“Common sense” as an argument for the Berkeleyan immaterialistic thesis Cover Image

"Common sense" jako uzasadnienie Berkeleyowskiej tezy immaterialistycznej
“Common sense” as an argument for the Berkeleyan immaterialistic thesis

Author(s): Dariusz Kucharski
Subject(s): Philosophy
Published by: Wydawnictwo Uniwersytetu Kardynała Stefana Wyszyńskiego w Warszawie
Keywords: common sense; material substance; sensory perception; representationism; presentationalism

Summary/Abstract: Writing his Treatise Concerning the Principles of Human Knowledge, George Berkeley was well aware that his thesis about non–existence of material substance would not be welcomed equally by learned and ordinary people. However, he was prepared for the expected discussion and tried to answer some objections in advance. He continued the fight against his opponents in his second work, Three Dialogues between Hylas and Philonous. The controversy embraced many topics and the aim of this paper is to present Berkeley’s attempt at showing his immaterialism as a position being in complete agreement with the world view (and cognition thereof) of so–called plain people. Berkeley considered himself a defender of their common sense, standing in opposition to the views of the learned. Berkeley maintained that the concept of material substance was an abstract idea invented by philosophers to explain the structure of the material world, but in his view the very idea was at the same time simply incomprehensible and redundant. He tried to persuade his readers that a ‘plain man’ neither uses nor needs the abstract idea of substance to understand and know the world he perceives. Berkeley points out some common–sensical beliefs and then puts forward arguments that his immaterialistic thesis is in full agreement with these beliefs. What is more, he argues that the views of his opponents stand in contradiction to these very common–sensical beliefs. To prove this, he identifies some metaphysical consequences of the representationalistic theory of perception. He says that in the world of this theory there exist only some material particles furnished with primary qualities but no objects from our ordinary sensory experience. According to this theory, we cannot trust our senses and that is why we must abandon it and adopt the position of presentationalism and common sense.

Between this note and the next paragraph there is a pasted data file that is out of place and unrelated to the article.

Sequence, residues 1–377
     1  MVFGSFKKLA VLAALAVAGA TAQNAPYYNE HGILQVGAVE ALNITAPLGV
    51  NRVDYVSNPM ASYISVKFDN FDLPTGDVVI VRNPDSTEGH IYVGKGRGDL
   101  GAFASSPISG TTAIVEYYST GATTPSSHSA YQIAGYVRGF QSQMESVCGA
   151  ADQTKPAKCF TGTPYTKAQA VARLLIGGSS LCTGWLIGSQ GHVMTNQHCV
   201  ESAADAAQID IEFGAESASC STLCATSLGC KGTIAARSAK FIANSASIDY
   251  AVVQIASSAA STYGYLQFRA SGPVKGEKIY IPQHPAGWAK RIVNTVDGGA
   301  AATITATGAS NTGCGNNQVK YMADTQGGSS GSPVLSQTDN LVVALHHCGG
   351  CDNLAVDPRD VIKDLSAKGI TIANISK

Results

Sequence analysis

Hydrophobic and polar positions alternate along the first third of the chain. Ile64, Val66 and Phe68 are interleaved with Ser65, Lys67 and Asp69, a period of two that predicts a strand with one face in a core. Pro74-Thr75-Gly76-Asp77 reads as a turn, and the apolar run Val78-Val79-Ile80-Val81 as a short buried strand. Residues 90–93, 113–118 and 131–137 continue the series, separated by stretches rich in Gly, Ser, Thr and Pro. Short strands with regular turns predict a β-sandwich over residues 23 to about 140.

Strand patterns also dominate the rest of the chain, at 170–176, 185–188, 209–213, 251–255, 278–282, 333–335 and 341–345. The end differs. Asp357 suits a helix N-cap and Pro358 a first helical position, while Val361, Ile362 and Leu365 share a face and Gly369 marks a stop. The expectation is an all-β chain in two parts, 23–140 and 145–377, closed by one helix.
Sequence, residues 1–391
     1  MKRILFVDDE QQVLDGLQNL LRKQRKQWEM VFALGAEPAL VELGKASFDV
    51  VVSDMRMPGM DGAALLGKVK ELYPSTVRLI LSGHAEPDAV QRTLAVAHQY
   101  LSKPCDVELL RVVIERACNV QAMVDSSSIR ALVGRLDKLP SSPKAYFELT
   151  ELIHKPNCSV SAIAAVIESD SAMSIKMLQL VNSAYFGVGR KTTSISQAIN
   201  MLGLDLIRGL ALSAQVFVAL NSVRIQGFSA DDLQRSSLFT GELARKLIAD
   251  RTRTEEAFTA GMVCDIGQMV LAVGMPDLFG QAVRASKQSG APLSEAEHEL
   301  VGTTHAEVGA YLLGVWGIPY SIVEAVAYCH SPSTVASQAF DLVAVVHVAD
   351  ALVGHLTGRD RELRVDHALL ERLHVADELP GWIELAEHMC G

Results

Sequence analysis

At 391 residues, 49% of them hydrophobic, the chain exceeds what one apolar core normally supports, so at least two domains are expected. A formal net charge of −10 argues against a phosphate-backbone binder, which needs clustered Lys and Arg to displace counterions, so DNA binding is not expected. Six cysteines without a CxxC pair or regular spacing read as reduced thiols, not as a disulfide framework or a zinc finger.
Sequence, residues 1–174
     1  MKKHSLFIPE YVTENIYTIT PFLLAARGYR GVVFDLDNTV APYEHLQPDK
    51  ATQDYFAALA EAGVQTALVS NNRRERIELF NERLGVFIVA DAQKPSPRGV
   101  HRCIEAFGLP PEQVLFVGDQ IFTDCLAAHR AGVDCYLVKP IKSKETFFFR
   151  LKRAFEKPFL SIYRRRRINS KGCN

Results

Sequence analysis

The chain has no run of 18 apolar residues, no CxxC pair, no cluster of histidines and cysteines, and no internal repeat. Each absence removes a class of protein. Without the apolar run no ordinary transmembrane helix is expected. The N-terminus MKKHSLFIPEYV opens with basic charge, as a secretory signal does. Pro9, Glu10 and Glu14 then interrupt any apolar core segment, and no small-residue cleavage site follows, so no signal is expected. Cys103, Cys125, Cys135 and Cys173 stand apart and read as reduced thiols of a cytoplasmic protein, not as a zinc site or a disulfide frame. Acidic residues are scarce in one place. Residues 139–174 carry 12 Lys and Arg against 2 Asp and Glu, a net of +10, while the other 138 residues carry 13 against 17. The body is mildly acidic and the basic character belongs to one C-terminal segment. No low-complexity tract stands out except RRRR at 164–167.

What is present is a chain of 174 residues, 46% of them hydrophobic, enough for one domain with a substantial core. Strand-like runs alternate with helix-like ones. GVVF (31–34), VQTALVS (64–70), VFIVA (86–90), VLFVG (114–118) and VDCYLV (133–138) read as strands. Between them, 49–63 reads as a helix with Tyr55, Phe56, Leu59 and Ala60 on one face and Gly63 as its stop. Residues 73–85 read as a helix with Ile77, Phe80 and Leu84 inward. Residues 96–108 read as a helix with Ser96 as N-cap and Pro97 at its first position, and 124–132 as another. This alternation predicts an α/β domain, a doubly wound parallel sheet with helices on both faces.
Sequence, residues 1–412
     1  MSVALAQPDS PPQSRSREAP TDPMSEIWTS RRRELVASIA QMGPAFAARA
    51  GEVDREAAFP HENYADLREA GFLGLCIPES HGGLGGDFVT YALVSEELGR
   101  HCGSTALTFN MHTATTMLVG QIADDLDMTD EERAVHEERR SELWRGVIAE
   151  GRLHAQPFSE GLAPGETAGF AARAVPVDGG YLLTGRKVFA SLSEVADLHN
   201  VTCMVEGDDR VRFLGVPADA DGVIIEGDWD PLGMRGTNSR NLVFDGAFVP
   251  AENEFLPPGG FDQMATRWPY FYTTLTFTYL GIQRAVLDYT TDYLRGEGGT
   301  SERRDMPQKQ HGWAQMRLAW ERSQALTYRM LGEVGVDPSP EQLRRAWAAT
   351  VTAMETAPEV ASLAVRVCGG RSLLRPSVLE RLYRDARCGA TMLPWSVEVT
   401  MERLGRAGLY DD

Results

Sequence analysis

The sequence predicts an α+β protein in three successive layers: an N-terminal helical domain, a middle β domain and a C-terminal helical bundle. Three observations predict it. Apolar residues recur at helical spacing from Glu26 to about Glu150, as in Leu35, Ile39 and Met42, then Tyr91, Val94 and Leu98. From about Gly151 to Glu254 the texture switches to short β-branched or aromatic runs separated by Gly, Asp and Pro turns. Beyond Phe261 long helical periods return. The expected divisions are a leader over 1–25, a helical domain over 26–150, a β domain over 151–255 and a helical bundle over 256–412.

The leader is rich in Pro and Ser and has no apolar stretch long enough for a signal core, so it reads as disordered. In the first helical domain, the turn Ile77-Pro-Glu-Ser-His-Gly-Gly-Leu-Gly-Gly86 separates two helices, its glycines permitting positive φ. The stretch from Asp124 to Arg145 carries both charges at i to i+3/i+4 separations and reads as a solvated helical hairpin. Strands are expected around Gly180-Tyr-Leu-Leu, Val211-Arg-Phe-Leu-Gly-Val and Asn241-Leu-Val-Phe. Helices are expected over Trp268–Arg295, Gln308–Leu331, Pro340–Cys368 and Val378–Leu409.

• Issue Year: 48/2012
  • Issue No: 2
  • Page Range: 49-63
  • Page Count: 15
  • Language: Polish